Mind the gap

Women struggle for parity in Latin America’s cultural sectors.

In the last decade, Latin American and Caribbean countries have made significant progress in closing gender disparities, particularly with the increasing participation of women in the labour market. Nevertheless, the integration of women in some areas including science, technology, engineering and the cultural world remains low. 

According to a report prepared by UNESCO, women in the cultural sector suffer from similar issues than in other sectors and face difficulties in reaching decision-making positions, have less access to training and continue to suffer flagrant wage differences. The salary gap in the performing arts sector in Latin America, which includes culture, audiovisual and visual arts, remains strikingly high, with women earning 27.2% less than men in Chile; followed by Argentina, 22.9%; and Brazil 17.2%.  

A female visual artist in Argentina gave us the view on the ground, “My industry has improved a lot at the lower levels; it is now nearly 50% female but this is not the case in other industries for example in the film sector where the female workforce is about 40% and in the advertising sector that number is reduced to 30%. Disappointingly, the majority of people in management positions are still male.” 

“My industry has improved a lot at the lower levels; it is now nearly 50% female but this is not the case in other industries … Disappointingly, the majority of people in management positions are still male.” 

A female visual artist, Argentina

It is a common grievance that women in the region see their access to executive roles limited by the sector’s preference for more ‘experienced’ professionals. Thus, the Inter-American Development Bank (“IADB”) revealed in a recent report that women only represent between 15% and 30% of the executive roles in the cultural sector. 

The gender gap is a challenge in the management of the creative industries as women are currently less connected, possess lower digital literacy and remain underrepresented in the technology and creative industry marketplaces. Nevertheless, this could be overcome by improving the level of reliable data to understand the root causes of the problems and addressing them through gender equality policies.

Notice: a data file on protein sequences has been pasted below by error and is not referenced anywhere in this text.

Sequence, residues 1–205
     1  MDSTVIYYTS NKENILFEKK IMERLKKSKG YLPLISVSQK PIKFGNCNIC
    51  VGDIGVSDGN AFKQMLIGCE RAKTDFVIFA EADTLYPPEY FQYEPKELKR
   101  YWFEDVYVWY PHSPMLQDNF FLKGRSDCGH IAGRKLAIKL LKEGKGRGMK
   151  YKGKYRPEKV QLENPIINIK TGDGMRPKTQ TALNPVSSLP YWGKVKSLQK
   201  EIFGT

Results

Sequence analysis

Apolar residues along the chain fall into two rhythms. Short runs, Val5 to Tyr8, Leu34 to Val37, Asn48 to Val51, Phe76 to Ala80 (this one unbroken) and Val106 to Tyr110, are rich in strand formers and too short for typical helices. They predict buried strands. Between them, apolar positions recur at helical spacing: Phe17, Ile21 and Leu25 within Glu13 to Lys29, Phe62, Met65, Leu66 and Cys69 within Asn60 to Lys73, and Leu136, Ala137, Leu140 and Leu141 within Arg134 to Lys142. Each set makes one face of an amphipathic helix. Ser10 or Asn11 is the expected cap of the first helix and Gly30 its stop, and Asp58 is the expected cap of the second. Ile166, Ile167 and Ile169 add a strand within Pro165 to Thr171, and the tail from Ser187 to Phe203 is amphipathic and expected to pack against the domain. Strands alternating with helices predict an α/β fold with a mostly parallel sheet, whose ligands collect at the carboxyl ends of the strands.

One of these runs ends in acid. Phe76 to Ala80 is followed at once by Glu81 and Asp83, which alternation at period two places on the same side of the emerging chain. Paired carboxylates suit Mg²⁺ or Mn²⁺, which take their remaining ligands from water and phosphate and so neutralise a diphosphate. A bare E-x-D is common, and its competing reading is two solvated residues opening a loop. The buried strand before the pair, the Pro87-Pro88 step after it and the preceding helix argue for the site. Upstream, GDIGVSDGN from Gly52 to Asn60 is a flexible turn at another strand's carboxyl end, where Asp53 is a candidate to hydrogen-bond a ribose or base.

An advertising executive pondered what could be done to improve this inequality, “It may be controversial, but I would actually support a law enforcing gender equality in the creative industries. I believe that until companies are forced to take action, it is very hard for them to do so. However, at the same time, there is an obligation on women to go for what they want and grab it with both hands.” 

More vocal critics paint a more worrying picture, a female industry executive in Colombia commented, “The fact remains that the creative industries are dominated by men. At a senior level, it is a very masculine sector and those females who have made it to the top have faced all kinds of atrocities. I have friends who have been offered promotions but only if they sleep with their superiors. This type of behaviour needs to stop immediately, women can’t be expected to sacrifice their dignity just to get a management position.” 

“The government is beginning to collect data and analyse the information … but the structural changes are so complex that it will take decades for women to have a position in decision-making and in their salaries in the creative industries sectors.”

A female industry executive, Colombia

The same executive continued to explain that while some progress had been made, the rate of change was too slow, “The government is beginning to collect data and analyse the information, but the creative industries are unfortunately not on the public policy. It was hoped that under President Petro matters would improve in Colombia, but the structural changes are so complex that it will take decades for women to have a position in decision-making and in their salaries in the creative industries sectors.” 

In the meantime, women in Latin America’s creative industries continue to battle for parity with the hope that gaining equality at a junior level today will eventually result in the same achievement translating into the management levels of the future. We wish them the best of luck! 

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